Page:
Young widows are dangerous women because they play by ‘different’ rules
In divorce, it is common to break ties with an ex-spouse’s family. Social engagements with the in-laws are no longer obligatory, and are often not desired. There is a similar dissolution with an ex-spouse’s long-standing friends. Relationships are often split: his or hers, pick a side. When a bereaved young widow has a less than friendly relationship with her in-laws and/or her late husband’s friends, then contact may end in a similar way.
However, ties are more likely to remain strong between a young widow and the family members of her late husband as they lean on each other for mutual support following the death. These bonds can last the test of time, even when the widowed young woman begins a new romance.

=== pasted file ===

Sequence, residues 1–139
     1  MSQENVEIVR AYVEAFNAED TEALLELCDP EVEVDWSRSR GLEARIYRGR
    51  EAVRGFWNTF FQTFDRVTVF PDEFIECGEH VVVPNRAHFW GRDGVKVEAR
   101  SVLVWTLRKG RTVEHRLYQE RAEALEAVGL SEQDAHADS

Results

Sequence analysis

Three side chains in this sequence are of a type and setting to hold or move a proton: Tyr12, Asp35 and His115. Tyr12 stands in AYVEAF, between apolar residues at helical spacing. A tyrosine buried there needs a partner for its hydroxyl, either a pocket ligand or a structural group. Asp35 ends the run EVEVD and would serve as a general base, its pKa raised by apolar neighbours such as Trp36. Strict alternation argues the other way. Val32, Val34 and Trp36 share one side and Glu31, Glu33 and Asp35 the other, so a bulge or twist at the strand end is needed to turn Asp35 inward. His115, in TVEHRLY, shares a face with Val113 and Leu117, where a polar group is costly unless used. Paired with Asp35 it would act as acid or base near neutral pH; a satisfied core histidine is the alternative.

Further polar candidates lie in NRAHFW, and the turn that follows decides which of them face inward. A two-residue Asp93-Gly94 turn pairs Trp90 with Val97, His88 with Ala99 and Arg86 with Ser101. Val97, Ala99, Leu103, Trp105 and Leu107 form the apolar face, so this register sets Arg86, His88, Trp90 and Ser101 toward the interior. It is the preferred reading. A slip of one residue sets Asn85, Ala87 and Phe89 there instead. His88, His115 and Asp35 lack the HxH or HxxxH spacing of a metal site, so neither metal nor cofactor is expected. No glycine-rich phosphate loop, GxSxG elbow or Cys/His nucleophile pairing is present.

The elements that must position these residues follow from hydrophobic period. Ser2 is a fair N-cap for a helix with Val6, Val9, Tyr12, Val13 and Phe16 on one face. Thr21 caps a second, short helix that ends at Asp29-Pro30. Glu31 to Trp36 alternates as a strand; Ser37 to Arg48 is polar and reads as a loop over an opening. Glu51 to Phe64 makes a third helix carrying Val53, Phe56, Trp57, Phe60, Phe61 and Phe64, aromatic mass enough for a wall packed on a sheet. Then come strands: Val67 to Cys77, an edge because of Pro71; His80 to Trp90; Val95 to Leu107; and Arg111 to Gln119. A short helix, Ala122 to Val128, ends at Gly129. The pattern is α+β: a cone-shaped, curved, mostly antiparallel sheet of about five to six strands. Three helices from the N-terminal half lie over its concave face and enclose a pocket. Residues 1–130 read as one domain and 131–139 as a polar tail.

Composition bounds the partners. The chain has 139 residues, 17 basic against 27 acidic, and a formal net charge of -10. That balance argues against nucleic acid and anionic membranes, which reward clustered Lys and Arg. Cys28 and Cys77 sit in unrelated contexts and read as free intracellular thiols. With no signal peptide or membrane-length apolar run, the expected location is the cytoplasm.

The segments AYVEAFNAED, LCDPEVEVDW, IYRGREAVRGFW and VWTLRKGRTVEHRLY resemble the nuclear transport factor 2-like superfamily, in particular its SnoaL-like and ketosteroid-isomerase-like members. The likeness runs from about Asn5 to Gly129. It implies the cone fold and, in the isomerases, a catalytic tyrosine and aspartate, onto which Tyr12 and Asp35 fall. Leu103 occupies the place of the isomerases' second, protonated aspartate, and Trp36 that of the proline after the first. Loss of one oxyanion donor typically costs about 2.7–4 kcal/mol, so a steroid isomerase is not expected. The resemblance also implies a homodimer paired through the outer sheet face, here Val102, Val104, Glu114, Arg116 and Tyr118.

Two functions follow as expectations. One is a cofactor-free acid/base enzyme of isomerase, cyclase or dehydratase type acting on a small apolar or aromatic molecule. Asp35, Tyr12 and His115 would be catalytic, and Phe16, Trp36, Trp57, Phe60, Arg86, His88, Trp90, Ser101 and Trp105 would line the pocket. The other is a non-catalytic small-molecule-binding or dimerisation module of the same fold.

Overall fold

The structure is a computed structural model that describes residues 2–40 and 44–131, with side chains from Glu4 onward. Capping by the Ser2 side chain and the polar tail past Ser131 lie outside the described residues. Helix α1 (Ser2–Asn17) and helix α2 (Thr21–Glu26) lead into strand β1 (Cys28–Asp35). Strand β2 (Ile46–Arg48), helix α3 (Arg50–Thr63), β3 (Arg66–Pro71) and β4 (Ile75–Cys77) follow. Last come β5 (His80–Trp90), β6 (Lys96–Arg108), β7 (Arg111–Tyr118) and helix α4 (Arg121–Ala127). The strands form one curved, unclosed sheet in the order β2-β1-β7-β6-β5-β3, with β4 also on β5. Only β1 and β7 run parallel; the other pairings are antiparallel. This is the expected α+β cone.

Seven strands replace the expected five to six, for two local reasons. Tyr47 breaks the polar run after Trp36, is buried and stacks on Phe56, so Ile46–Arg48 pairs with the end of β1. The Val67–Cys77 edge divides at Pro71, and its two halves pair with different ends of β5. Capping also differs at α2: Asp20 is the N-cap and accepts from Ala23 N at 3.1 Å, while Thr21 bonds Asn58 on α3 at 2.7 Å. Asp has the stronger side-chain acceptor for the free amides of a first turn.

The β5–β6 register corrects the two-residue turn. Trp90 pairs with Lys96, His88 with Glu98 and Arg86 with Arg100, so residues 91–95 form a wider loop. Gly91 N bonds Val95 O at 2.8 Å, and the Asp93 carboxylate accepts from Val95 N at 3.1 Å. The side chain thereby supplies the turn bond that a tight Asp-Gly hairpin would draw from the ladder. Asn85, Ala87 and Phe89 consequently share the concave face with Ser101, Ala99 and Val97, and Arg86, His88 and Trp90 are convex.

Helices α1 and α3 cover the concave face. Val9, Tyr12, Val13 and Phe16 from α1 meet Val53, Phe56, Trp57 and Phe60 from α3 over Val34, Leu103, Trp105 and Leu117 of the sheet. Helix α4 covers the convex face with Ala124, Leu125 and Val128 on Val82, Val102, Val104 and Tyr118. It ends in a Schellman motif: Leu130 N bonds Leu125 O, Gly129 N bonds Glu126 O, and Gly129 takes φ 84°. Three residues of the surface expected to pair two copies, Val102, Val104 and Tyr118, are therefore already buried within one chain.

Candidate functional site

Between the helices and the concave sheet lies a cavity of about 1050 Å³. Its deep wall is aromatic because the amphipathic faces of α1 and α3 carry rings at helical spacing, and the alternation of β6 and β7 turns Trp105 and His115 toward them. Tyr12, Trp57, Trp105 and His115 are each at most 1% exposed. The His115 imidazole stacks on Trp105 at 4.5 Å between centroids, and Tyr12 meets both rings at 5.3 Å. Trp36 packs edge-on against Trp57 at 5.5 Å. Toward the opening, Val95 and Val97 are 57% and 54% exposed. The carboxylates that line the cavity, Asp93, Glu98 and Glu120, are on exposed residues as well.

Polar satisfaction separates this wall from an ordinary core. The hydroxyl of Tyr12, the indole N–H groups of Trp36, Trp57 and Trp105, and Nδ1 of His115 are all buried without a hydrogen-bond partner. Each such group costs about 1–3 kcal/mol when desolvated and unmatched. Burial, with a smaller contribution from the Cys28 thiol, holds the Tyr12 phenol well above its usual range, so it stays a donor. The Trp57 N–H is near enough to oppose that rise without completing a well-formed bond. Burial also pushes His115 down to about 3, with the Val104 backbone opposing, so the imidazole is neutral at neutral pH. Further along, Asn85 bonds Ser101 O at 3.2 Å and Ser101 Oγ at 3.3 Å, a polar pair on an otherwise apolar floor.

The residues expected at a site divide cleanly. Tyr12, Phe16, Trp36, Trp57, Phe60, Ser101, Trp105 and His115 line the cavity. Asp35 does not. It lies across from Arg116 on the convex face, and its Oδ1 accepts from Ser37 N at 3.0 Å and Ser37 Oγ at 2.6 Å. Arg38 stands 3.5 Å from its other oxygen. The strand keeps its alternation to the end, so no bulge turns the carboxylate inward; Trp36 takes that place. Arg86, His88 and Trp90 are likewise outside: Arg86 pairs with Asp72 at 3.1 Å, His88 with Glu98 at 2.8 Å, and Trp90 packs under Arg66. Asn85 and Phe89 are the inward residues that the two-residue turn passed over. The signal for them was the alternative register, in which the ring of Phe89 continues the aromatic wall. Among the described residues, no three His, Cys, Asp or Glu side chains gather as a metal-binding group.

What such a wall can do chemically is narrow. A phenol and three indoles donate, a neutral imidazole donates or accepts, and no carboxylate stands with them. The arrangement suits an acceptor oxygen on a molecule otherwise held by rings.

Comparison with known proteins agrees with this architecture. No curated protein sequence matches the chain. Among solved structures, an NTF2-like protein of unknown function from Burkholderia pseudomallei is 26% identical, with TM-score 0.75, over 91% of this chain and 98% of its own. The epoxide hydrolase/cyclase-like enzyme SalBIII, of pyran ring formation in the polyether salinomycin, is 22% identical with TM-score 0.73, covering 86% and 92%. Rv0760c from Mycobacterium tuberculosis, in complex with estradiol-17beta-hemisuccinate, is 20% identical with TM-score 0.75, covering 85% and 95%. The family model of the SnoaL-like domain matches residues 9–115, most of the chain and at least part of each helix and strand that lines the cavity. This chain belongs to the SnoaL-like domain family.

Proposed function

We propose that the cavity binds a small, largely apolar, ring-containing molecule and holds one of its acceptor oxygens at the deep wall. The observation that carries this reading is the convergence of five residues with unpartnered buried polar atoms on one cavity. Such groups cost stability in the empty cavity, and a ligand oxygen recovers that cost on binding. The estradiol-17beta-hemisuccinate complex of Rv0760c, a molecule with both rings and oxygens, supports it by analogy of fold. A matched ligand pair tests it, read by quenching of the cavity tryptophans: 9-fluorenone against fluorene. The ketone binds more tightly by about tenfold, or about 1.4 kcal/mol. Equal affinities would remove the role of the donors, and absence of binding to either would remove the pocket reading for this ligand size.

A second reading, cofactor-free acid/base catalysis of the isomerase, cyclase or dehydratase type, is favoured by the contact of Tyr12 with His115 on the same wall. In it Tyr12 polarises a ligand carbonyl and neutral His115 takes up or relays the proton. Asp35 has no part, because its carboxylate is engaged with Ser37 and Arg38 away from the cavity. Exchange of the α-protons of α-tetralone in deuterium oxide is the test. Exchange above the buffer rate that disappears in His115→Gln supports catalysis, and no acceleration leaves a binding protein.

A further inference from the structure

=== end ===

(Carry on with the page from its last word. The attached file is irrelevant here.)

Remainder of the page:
This on-going relationship with a late spouse’s family can cause problems, especially with prospective new partners. I was once served an ultimatum by a man with whom I shared just one date: chose between your in-laws or me. Bitterly divorced, he could not fathom why I would want to spend any time at all with my ‘ex’ in-laws. He felt uneasy with my relationships because he had unhappy relationships with the family of his ex-wife. Similarly, I have been questioned about keeping the name that belongs to my ‘ex’ in-laws, i.e. my married name. Some argue that I should have reverted to my maiden name as is sometimes the practice of divorced women. That I am a childless widow makes this name change an even greater expectation.
To those who equate young widowhood with divorce young widows appear to be playing by different rules, particularly in their subversive refusal to break ties with the ‘ex’ in-laws. They fail to appreciate that a young widow is playing a completely different game from that of her other unmarried peers.